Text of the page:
NUFFIELD PLACE – THE MODEST ARTS AND CRAFTS HOME OF BRITAIN’S GREATEST PHILANTHROPIST

William Richard Morris was the hard-working inventor of the Morris motorcar, a car which came to typify ‘Englishness’ and which was the first to sell over a million units in Britain. He started his working life by running a bicycle repair shop in his parents shed, eventually amassing a fortune, most of which he gave away – over £1billion in today’s money. His modest home in the village of Nuffield near Oxford, is the epitome of Arts and Crafts architecture and is now owned by the National Trust.



WILLIAM MORRIS - LORD NUFFIELD

William Morris was born in 1877, the impoverished son of a farmer who had to give up his farm due to asthma. Leaving school at the age of 15, William was apprenticed to a bicycle seller and repairer, in the days when most bicycles were bespoke. When he was 16, his request for a pay rise was turned down, so he left and set up his own cycle repair business from a shed in his parents’ garden, using their sitting room as a showroom.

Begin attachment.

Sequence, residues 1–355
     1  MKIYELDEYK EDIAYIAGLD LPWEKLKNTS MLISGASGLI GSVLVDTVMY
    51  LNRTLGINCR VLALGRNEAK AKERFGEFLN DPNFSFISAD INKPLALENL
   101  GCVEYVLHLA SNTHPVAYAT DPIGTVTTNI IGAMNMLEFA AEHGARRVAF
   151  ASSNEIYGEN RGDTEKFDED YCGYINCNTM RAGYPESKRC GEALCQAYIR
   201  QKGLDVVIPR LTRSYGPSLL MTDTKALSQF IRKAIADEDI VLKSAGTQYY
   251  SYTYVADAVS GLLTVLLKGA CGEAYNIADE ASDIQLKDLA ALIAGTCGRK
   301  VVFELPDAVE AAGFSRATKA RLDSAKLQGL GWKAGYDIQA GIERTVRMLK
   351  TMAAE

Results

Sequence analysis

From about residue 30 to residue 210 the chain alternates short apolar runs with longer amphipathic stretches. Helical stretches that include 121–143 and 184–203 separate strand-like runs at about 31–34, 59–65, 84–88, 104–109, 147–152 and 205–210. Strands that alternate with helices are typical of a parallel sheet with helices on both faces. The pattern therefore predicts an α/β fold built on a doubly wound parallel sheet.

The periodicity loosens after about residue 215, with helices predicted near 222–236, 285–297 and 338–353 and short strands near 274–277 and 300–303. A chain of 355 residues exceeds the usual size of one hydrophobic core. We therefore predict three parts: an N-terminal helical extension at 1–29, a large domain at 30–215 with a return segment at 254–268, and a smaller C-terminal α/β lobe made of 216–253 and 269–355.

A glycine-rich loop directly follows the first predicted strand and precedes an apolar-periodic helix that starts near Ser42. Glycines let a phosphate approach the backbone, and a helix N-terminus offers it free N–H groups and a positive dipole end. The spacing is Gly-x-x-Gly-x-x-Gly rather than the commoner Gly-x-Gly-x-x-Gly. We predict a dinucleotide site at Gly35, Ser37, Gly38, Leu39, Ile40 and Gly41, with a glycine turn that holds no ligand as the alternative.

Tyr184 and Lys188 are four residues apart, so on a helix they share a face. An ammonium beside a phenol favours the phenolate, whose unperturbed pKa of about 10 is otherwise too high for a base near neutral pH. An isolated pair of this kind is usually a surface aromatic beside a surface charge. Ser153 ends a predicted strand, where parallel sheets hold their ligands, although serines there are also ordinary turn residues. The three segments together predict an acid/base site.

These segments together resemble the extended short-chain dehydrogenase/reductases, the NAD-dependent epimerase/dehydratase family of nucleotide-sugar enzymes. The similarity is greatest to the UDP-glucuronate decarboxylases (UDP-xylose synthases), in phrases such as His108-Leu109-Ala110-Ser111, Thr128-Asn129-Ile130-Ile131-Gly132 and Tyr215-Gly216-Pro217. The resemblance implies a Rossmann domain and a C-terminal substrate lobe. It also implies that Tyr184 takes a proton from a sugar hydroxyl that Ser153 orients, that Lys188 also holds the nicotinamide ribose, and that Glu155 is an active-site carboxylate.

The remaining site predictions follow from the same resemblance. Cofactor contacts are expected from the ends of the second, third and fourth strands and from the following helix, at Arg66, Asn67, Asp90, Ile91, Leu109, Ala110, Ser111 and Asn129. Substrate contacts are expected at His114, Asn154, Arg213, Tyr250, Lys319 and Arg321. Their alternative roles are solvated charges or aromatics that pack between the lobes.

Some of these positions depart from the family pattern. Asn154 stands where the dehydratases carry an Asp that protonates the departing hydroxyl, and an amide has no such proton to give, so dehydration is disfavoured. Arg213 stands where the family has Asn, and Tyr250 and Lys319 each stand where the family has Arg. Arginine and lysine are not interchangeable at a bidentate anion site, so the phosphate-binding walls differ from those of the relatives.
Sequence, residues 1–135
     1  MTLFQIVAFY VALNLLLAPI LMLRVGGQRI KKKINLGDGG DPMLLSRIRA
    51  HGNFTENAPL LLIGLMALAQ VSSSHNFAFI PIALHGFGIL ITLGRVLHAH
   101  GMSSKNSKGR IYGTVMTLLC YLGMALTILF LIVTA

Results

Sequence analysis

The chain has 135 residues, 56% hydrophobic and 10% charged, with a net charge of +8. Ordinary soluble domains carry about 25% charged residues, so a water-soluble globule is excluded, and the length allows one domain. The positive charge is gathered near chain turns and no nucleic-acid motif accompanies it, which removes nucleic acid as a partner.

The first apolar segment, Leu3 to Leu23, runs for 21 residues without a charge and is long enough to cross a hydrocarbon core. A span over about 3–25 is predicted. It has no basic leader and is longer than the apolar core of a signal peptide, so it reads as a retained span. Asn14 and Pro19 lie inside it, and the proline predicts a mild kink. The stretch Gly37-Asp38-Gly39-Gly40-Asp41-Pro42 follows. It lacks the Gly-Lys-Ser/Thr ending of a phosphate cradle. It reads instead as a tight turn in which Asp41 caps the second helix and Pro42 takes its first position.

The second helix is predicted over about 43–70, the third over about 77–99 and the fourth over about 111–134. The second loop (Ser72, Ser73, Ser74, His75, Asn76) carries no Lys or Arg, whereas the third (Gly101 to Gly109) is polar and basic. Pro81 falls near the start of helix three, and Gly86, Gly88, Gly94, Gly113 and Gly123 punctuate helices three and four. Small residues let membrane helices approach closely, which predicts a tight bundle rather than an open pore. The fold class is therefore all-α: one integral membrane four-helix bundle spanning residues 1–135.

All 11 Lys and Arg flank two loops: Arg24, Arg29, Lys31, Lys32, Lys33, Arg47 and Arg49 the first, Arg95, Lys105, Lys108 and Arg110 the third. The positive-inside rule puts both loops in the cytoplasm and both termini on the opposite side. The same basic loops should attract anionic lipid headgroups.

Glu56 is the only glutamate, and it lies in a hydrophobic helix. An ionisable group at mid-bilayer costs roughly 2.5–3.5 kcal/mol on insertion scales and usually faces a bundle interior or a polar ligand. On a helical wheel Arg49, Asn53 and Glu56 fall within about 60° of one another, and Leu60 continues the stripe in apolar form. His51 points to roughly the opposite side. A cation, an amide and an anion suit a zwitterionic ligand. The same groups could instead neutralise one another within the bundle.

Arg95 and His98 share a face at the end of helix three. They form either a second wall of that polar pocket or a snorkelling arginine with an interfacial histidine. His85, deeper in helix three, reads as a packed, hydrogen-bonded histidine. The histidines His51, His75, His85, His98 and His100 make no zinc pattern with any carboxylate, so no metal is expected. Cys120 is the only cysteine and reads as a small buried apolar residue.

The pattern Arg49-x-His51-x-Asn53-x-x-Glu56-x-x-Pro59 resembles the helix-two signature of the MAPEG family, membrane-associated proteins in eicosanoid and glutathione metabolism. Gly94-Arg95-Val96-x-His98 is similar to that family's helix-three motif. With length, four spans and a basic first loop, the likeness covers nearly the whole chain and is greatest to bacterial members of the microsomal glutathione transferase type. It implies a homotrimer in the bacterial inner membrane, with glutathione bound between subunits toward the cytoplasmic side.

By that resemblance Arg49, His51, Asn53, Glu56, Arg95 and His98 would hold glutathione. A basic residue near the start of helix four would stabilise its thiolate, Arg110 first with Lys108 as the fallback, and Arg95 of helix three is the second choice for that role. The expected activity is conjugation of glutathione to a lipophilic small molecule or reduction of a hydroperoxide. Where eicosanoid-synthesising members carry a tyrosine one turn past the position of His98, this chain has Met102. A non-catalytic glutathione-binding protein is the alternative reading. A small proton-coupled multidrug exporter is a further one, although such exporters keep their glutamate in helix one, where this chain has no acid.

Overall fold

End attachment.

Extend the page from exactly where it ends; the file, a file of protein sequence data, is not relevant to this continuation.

His business grew and he was soon able to acquire premises in Oxford High Street, where he would make bicycles as well as repair them. He regularly entered cycle races, often winning them at various different distances. He soon turned his attention to motorcycles, and with the business expanding, took on more premises to keep up with the high demand.

A black and white photo of William Morris driving one of his cars
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